FARM payments have promoted a system of increasingly-intensive livestock farming on fewer and larger holdings, with grave impacts on the climate, environment and health, according to a report published by Greenpeace on February 12th.
Instead, the farm budget should be used to support a transition to more extensive systems using ecologically responsible diets and encourage predominantly plant-based diets, the green campaigners say. The report ‘Feeding the Problem - The Dangerous Intensification of A nimal Farming in Europe’ highlights the fact that ‘at least 71% of EU farmland’ is now dedicated to meat and dairy production, with between €28bn and €32bn of direct payments per year destined for the livestock sector.
Some 63% of arable land is used to feed farm animals. That large area, which the green NGO says is ‘often intensively cultivated with the application of synthetic fertilisers and pesticides,’ could ‘be dedicated for the most part to the production of food for people.’
EU Agriculture Policy Director at Greenpeace, Marco Contiero, said that, with scientists warning that ‘we have to cut meat to avoid environmental disaster,’ it is ‘madness to pour good money after bad into industrial animal farming.’ He added: ‘While small farms are disappearing at alarming rates, public money encourages the biggest farms to get bigger, this has to stop.’
In response, Commission sources regret that the report ‘jumps to conclusions and makes uncertain and unverified links to substantiate a dubious claim that cannot be based on facts or statistics.’ The ‘fact is that we can only know for sure which amount goes to the livestock sector with voluntary coupled support (provided under specific conditions when a sector has economic difficulties, or in areas of high natural value such as mountainous areas).’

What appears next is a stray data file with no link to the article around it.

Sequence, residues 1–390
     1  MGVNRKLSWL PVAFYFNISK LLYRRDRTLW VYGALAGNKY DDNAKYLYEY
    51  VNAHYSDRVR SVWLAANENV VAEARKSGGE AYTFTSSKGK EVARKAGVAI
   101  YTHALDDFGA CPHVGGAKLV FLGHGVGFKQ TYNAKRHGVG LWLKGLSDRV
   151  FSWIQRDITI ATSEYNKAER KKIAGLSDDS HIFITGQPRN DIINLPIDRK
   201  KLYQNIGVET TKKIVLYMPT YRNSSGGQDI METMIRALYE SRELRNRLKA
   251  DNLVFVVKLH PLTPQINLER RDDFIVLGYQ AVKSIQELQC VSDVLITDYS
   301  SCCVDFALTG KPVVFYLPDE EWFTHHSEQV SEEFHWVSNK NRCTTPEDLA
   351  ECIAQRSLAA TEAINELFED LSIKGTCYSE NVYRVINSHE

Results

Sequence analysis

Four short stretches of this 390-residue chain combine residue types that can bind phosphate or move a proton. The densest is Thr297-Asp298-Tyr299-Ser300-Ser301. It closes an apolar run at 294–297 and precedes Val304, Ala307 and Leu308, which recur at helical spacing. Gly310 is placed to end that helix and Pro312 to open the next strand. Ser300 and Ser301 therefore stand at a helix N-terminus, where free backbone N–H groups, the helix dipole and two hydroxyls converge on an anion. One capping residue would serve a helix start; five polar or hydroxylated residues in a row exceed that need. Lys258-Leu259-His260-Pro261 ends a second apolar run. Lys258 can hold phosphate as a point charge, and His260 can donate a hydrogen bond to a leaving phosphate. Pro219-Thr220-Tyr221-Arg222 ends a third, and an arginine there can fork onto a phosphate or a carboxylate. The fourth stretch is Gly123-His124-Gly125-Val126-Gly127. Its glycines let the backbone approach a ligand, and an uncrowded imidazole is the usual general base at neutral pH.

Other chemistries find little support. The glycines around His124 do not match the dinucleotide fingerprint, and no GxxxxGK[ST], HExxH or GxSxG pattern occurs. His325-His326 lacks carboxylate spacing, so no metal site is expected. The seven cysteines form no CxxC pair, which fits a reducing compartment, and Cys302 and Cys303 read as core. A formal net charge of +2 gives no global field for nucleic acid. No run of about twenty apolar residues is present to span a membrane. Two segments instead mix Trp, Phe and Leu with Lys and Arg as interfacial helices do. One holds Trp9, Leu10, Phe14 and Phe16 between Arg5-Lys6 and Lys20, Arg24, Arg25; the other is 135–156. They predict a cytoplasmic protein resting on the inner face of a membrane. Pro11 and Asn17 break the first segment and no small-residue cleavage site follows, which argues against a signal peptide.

The total amount of voluntary coupled support going to animal sectors every year on average (beef, veal, milk/milk products, sheep and goats) comes to €3.185bn, they outline, which is ‘very far from the €28.5bn to €32.6bn of CAP money put forward by Greenpeace.’
The environmental lobby’s report followed the controversial EAT Lancet study published on January 16 – conducted by 37 experts from 16 countries – which advocated a 50% drop in the consumption of red meat and a rise in the role of vegetables, seeds and pulses. The 51-page study ‘Food in the Anthropocene: the EAT–Lancet Commission on healthy diets from sustainable food systems,’ said that “civilisation is in crisis.”
• Rose O’Donovan is the editor-in-chief of the Brussels-based publication AGRA FACTS.
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